@Lifemagician: The southern Utah spots you pointed out seem cool! One more reason to reach this Arizona/Utah area as fast as possible.
    You are also talking about "booking" the NPs. Does it mean that you might be forbidden to visit some NPs if they are already "full"?

    @Southwest Dave: Great tip. I might try that, thanks.

  7. #7
    Join Date
    May 2003
    Location
    Green County, Wisconsin
    Posts
    13,063

    Default Only lodging

    Quote Originally Posted by ciidjj View Post
    @Lifemagician: The southern Utah spots you pointed out seem cool! One more reason to reach this Arizona/Utah area as fast as possible.
    You are also talking about "booking" the NPs. Does it mean that you might be forbidden to visit some NPs if they are already "full"?
    No, she's talking about lodging options. There are limited hotels/campgrounds within the National Parks, and they tend to book up quickly.

    There are no limits on the number of people who can visit the parks at one time.

  8. Default Avoiding death

    I'm still organising the roadtrip, and I've got a lot of new questions for you guys:

    Since most of the trip will take place is deserted and arid areas, what is the must-have equipement in your opinion?
    We are planning to rent a car and buy large cans of water, along with some food. We will also probably buy a cheap cellphone that can work in the US (but I guess there's not much signal in the desert)

    What are the most common car breakdown that are likely to happen un such areas? What essential tools would you bring with you?

    Also, if the car stops working in the middle of nowhere, what's the typical amount of time one has to wait before another car passes by?
    10 minutes, an hour, a day?

    Are there deadly animal? Sandstorm risks? Cursed temples with traps and lava pits?

    Any other "survival" tip would be welcome! Thanks in advance!

  9. #9
    Join Date
    Dec 2008
    Location
    Melbourne, Australia
    Posts
    6,936

    Default No need to worry.

    Your rental car will be a fairly new car, and all modern cars can cope with driving through the areas you will be travelling. Should you have a breakdown, you are not likely to have to wait more than a couple of minutes before other cars pass. In summer these are very popular and busy areas. At no time will you feel 'isolated'. Of course any unlikely problems with the car will be attended to by the rental company. You won't need to bring any tools.

    Having a phone will be a good idea, and you will find that there are not many areas where coverage is not available, these are all popular areas. Most people like to keep in touch.

    All wild animals can be deadly, and I do hope you get to see some. But the chances of being so close that you could be hurt are remote. Just do not get out of your car, and do not approach wild animals.

    Definitely carry lots of water, and a cooler with ice if you prefer cold drinks. A hat and sunscreen are also a good idea. Common sense is going to be your most valuable survival tip.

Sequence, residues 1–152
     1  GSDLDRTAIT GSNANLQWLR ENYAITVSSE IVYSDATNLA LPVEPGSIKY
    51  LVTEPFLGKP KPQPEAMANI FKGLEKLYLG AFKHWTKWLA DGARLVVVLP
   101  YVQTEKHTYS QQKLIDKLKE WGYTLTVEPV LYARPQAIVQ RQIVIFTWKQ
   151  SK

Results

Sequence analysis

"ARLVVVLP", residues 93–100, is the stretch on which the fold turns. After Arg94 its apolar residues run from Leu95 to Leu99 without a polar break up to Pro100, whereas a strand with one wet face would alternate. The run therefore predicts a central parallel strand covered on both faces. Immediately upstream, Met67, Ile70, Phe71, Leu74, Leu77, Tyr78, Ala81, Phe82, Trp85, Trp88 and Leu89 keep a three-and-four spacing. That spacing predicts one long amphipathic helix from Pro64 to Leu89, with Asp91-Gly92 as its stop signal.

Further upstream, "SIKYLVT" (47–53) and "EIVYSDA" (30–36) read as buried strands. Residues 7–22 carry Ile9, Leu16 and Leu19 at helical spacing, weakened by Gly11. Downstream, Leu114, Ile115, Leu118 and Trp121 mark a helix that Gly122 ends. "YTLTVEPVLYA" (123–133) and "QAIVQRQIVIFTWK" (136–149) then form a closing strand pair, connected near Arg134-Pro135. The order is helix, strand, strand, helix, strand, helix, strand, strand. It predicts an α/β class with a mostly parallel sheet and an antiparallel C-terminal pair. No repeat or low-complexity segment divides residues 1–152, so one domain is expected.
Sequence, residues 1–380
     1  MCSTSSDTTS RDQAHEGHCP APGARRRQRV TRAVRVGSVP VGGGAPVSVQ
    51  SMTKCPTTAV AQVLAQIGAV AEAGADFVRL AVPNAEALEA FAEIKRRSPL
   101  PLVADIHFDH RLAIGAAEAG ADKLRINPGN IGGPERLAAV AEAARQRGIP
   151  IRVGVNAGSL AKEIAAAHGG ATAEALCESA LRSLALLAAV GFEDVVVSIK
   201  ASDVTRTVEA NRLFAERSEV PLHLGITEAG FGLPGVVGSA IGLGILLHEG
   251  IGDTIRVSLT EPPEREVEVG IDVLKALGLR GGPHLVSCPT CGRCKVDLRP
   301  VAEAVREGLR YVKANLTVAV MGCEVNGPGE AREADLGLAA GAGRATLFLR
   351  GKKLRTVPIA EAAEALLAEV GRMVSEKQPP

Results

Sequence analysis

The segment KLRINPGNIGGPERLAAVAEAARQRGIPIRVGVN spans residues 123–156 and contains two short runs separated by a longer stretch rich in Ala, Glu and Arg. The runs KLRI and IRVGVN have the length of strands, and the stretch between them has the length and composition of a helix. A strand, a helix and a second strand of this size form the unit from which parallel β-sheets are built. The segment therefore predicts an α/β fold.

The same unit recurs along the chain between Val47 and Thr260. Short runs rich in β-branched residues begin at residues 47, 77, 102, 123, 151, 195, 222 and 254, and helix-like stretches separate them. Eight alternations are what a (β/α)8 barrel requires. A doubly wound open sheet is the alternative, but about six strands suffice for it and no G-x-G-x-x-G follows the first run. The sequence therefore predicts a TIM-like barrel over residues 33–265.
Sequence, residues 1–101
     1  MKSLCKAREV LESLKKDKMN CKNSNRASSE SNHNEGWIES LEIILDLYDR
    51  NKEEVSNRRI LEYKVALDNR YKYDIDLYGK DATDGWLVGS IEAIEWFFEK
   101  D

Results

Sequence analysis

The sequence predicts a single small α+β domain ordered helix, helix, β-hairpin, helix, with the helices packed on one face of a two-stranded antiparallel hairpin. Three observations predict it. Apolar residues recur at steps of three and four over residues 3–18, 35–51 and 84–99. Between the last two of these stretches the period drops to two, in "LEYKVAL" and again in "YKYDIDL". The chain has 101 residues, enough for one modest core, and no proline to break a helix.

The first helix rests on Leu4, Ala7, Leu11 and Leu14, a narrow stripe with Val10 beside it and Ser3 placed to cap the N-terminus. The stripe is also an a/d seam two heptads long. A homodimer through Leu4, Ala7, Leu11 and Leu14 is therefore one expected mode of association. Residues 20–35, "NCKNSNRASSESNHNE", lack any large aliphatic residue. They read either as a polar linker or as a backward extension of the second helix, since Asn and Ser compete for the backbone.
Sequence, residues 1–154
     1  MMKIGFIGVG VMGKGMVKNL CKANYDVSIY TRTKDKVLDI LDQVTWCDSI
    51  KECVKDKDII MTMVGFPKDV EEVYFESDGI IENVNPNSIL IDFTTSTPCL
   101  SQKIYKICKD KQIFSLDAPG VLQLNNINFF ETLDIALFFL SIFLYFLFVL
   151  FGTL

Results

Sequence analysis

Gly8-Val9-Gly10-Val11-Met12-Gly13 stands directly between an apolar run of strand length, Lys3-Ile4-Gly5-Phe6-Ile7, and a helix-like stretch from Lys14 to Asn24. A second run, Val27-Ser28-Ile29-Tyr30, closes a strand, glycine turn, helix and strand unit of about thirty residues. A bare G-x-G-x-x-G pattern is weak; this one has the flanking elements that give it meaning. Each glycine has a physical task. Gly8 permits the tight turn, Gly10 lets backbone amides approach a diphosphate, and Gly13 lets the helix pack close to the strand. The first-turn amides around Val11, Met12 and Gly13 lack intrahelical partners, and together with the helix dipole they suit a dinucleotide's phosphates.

Lifey

  10. #10
    Join Date
    May 2011
    Location
    Southern California
    Posts
    4,545

    Default

    Since most of the trip will take place is deserted and arid areas, what is the must-have equipement in your opinion?
    We are planning to rent a car and buy large cans of water, along with some food. We will also probably buy a cheap cellphone that can work in the US (but I guess there's not much signal in the desert)
    You'd be surprised how many places in the US are actually covered by cell phone signal. In our travels the past 5 years, we have found very few places that have no coverage. The middle of Yellowstone was one of them.

    Here in the US, we call that bottled water. While it's always great to have some along with you in the car, you may not need gallons.

    When we travel, we always have a cooler with ice, some drinks and water in the cooler, and our favorite commuter cups. You can pick all of these up at a big-box store in LA.

    What are the most common car breakdown that are likely to happen un such areas? What essential tools would you bring with you?
    If you are renting a vehicle, you won't have to worry about this. Your cell phone will be your best tool. Anything else, and the rental company will probably send someone out to fix the vehicle or bring you a different one. Or both. Just rent from a reputable company.

    Also, if the car stops working in the middle of nowhere, what's the typical amount of time one has to wait before another car passes by?
    10 minutes, an hour, a day?
    If you're on an interstate, about 3 seconds. If you're on a US or state highway during the day, 1 minute. During the night, 3 minutes. If you're on a county road, maybe 10 or 15 minutes during the day.

    Are there deadly animal? Sandstorm risks? Cursed temples with traps and lava pits?
    My recommendation would be not to drive at night on US or state highways. There's where you could possibly see deer in the headlights: not a particularly welcome sight. Sandstorms, or duststorms as we refer to them here, are a definitely possibility during the fall. Usually, a dust devil isn't a big issue. If you see a big dust storm heading your way, I'd get off the highway if it were me - off at an exit if possible, or onto the shoulder of the road.



    Donna